“COPRA” is a 24-page monthly comic, full of handmade goodness, and a force of nature. And it proves that sometimes the best thing to do is to do it yourself. That is what Brooklyn cartoonist Michel Fiffe has concluded. He is on a quest to create something different and compelling. It is a journey that began with aspiring to the work of Steve Ditko and led to a deeper understanding of Ditko and beyond and…”COPRA.”
Working at a breakneck pace, Michel Fiffe is currently doing what he can, with all his heart and talent, to bring you the very best in monthly original superhero comics. If you like the more balls-to-the-wall offbeat stuff, you’ll love this. Think “Suicide Squad,” for instance. Or “Doom Patrol.” Well, that’s some DC Comics. On the Marvel side, think “Doctor Strange” or…well, you get the picture. Fiffe is after carving out his own niche within that wonderful world of ragtag heroes taking on sinister forces.
Fiffe is aware of what he’s trying to conjure up. The world of independent alternative comics and mainstream superhero comics are two separate worlds that, over the years, have made some very compelling interconnections. The term, “fusion comics,” was coined by Frank Santoro to define this melding of indie with superhero. Fiffe writes about it here.
As a fusion cartoonist, Fiffe rides the new wave with just the right understated gusto. Characters, for example, in his hybrid of indie and superhero are decidedly uncharismatic. They are everyday people, at their core, rather than glamorous and sexy. You might think of Peter Parker, for instance, as being a classic everyman but no, he’s not really. He’s just too likable. He’s just too cute and well put together compared to what’s possible. This is not to needlessly slam Spider-Man since the love for the guy remains for Fiffe and, most likely, for you, dear reader. It’s more a desire, I think, to subvert expectations and insert something raw and new that motivates Fiffe.
Art is a complicated thing. It is not delicate. It is not aloof. Art is heroic and dramatic as well as purposeful. Fiffe is answering that call. “COPRA,” I suspect, is intentionally messy and cluttered. Just like a house packed with housemates, and their uninvited friends, creating confusing and frustrating chatter, random and unfiltered, so goes “COPRA.” This comic welcomes that mundane reality. The characters are constantly bickering like malcontents, like run of the mill housemates. No one stands out. The plot takes on that shaggy dog vibe too. It can be hard to follow all the way and that, according to your taste, can be fascinating or not. Too much text crammed into too small spaces doesn’t help the cause either. That said, I tend to want to fall in with being intrigued by it all.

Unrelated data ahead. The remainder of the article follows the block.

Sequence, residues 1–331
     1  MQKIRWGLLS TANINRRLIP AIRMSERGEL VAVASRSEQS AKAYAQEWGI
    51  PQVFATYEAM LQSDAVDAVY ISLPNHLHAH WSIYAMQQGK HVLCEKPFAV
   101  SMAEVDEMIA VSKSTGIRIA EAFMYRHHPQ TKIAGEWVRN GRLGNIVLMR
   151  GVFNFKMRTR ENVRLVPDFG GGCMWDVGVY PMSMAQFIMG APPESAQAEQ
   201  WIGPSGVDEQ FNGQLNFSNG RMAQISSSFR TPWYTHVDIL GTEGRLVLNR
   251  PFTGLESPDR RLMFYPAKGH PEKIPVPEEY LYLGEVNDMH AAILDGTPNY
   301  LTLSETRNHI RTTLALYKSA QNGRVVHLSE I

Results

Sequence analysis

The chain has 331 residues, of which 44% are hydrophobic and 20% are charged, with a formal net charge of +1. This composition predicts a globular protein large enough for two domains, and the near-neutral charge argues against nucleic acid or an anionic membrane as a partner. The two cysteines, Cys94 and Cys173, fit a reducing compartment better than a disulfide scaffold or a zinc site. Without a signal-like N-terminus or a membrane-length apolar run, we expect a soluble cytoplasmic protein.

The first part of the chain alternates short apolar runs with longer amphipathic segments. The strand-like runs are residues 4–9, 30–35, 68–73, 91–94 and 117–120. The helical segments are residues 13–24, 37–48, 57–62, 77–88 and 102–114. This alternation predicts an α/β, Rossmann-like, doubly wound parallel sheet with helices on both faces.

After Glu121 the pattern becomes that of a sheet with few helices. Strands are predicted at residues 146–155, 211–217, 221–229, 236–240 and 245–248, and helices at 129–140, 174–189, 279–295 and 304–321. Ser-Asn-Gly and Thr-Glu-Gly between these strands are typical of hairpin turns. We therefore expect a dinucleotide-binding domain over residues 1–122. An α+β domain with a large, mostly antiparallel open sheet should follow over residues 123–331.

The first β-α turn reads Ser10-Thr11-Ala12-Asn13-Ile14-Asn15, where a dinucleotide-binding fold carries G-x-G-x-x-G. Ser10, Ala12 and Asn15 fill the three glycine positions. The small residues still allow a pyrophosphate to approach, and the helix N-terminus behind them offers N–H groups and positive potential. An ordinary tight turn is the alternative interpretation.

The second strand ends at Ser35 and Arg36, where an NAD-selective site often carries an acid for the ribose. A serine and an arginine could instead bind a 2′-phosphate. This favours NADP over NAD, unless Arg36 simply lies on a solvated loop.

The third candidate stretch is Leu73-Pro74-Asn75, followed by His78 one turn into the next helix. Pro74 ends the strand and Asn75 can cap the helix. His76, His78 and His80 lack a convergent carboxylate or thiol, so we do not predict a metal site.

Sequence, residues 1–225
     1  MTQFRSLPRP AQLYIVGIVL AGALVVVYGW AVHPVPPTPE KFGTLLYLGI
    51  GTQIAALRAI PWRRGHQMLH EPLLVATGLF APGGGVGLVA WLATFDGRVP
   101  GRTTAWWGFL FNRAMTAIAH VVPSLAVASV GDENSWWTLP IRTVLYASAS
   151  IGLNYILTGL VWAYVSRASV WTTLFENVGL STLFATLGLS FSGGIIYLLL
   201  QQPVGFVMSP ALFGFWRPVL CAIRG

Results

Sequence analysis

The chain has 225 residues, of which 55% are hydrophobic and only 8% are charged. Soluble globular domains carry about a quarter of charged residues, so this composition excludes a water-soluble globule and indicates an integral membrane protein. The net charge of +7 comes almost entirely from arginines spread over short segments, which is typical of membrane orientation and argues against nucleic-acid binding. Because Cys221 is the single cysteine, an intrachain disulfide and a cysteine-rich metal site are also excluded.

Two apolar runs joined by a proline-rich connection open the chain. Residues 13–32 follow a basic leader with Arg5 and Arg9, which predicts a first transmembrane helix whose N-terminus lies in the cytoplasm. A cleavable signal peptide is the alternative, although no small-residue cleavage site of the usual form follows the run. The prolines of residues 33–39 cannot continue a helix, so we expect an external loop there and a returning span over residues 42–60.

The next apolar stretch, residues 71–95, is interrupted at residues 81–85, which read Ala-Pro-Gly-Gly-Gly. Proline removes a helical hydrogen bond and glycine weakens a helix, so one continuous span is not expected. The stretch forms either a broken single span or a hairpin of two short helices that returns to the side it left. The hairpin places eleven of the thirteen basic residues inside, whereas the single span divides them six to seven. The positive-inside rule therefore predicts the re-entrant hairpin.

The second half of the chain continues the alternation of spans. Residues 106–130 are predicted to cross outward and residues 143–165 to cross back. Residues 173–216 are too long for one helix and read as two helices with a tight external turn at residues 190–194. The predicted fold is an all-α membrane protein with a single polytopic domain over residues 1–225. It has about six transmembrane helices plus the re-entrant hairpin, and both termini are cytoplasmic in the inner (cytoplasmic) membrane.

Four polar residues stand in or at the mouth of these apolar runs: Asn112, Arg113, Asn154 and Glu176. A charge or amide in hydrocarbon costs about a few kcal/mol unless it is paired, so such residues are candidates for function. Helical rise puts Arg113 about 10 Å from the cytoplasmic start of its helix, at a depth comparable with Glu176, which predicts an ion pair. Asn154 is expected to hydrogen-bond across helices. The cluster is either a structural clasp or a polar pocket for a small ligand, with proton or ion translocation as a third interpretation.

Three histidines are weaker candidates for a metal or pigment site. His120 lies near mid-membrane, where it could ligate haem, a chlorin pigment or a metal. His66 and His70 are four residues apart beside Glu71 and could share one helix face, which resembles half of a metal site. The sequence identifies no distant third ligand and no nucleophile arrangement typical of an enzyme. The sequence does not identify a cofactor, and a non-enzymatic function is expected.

Basically, you’ve got a bunch of the most strange and unlikely heroes doing battle with another bunch of the most strange and unlikely villains. That alone, can be a lot of fun. Yes, this comic has a certain something about it. I was about to say, “energy,” but it’s of a subversive kind. These characters, this plot, the action, the ass kicking, all move at a snail’s pace. Is it offbeat simply for the sake of being offbeat? Well, try it on for size and see what you think. The lack of clarity will prove a stumbling block. Based on his observations on the back page of “COPRA,” Fiffe states that he’s not afraid to run with an idea and just go with, not edit himself. To create on the fly is like walking on a tight rope..without a net.
Getting back to “fusion comics,” Marvel and DC Comics, to their credit, have brought in cartoonists from the “underground” and put them behind the wheel of some awesome stuff. It doesn’t get any better, for instance, when DC Comics gives Paul Pope the keys to the Batmobile. One of the most notable experiments was some years back when Marvel Comics did a remake of “Omega the Unknown” with Farel Dalrymple as artist and novelist Johnathan Lethem as writer. Most unusual and yet it has become an accepted practice to mix things up, from time to time, when finding talent for mainstream superheroes. Maybe it is just a matter of time before Marvel and DC Comics come calling Fiffe. Frankly, it probably won’t be soon but you never know. Whatever the case, Michel Fiffe should come out alright.
In conclusion, “COPRA” is a highly imaginative and daring comic. The plot remains too insular, seeming to follow its own internal logic. It should be opened up more for readers. I am betting that will happen. And I welcome your viewpoint if you believe that to already be happening. Experimental comics are a unique nut to crack. That said, I also believe this comic deserves a continued look. Who knows where “COPRA” or Michel Fiffe, for that matter, will be in a few years. No doubt, it will be some place interesting.
Visit Michel Fiffe’s site here. You can order copies directly through Fiffe. And to make it more fun, let your comics shop know about “COPRA” if they haven’t gotten the word yet.